The Lonely Hearts Hotel

The Lonely Hearts Hotel by Heather O'Neill, 389 pages

Orphans Pierrot and Rose are brought together as children by their odd dispositions and innate talents for performing, dreaming of one day creating a traveling show of their own. But as things for orphans in the 1920s often go, they are torn apart, with little chance of meeting again. By the time they do, more than a decade later, Pierrot has gone from living in the lap of luxury to being a heroin addict, while Rose went from being the mistress of a mafia boss to performing in pornographic films.

O'Neill tells the story in such a romantic, melancholy way that it comes across less like a novel and more like an antique music box that's been bewitched to create a seedy story of crime. It's haunting and sad and somehow beautiful, all at once. While it was perhaps a bit more risque than I was anticipating — particularly for a book that features so many forlorn clowns and an invisible bear — I loved it.

Sherlock Holmes (Unabridged) Part 4 The Hound of the Baskervilles

Sherlock Holmes (Unabridged) Part 4: The Hound of the Baskervilles read by Stephen Fry  128 pp.

I had never read this classic Holmes story although I have seen a number of different film/television versions including the classic Basil Rathbone/Nigel Bruce from 1939. The heirs of Baskerville hall are cursed by a generations old story of a supernatural hound of enormous proportions that kills each Lord of the Manor. The newest Baskerville heir, Sir Henry, arrives from America to claim his inheritance after the brutal death of Sir Charles Baskerville. Holmes and Watson have been asked by the local doctor to protect him and ensure he does not become yet another victim. Holmes believes there is nothing supernatural about the killings and sets out to prove it. The screen versions I have seen for the most part stick to the book. However, I just discovered there is a spoof version made by Peter Cook and Dudley Moore that I need to get my hands on.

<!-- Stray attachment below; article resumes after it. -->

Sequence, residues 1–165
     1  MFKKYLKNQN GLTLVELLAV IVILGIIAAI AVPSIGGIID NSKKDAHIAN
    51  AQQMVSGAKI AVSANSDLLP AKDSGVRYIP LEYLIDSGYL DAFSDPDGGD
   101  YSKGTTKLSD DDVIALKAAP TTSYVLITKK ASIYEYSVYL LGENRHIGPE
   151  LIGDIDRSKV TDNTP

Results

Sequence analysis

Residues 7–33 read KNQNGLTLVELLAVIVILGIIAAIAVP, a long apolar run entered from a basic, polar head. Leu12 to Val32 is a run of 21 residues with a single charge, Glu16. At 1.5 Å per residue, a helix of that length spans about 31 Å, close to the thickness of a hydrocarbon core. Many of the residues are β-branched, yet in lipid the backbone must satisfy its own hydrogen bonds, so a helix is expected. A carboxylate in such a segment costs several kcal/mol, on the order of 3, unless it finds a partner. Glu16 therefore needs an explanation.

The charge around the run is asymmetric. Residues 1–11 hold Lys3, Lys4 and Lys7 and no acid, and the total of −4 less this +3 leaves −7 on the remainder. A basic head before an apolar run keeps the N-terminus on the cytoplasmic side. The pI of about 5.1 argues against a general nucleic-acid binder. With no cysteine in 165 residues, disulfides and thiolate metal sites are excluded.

Sunday, January 21, 2018

Pirates of Pensacola

Pirates of Pensacola / Keith Thomson, 309 pgs.

Morgan's dad Isaac disappeared when he was a kid, off to prison.  This was bad timing because his mom had just died.  Morgan is taken under the wing of  Herb Flick, he grows up to become a middling accountant.  He is basically an office drone at the Vail Company when his dad shows up unexpectedly and drinks the last beer from his fridge.  There are some unresolved issues between father and son, to say the least.  Soon, however, they are on an adventure, looking for lost treasure that Isaac hid before his time behind bars.  Seems like Isaac has lots of people who remember him from the old days.  Although this starts out as a kidnapping, Morgan eventually goes all in on the adventure and he learns to admire and trust his dad.  Swashbuckling fun.

How the light gets in, by Louise Penny

One way to get through a spell of dark zero degree days is to curl up with a cup of tea, or something stronger, and the next in the Inspector Gamache mystery series.  It’s even colder in the small Quebec village of Three Pines in this book, which returns to the Inspector to this hidden-away refuge, but the warmth of the characters makes the snowy scene comforting rather than depressing.   The genius of this author is both that you don’t tire of her cast of characters – cranky poet Ruth and her pet duck, the odd couple of Oliver and Gabri, Myrna the bookstore owner, or of Gamache himself – and that her plots continue to be intriguing and unusual.  Often you learn a lot too – about Gregorian chant, or computer hacking, or curling.  I found this ninth book to be her best yet and wonder at its end how she will continue the series.  I will be “désolé’ when I’m finished with the last book.  404 pp.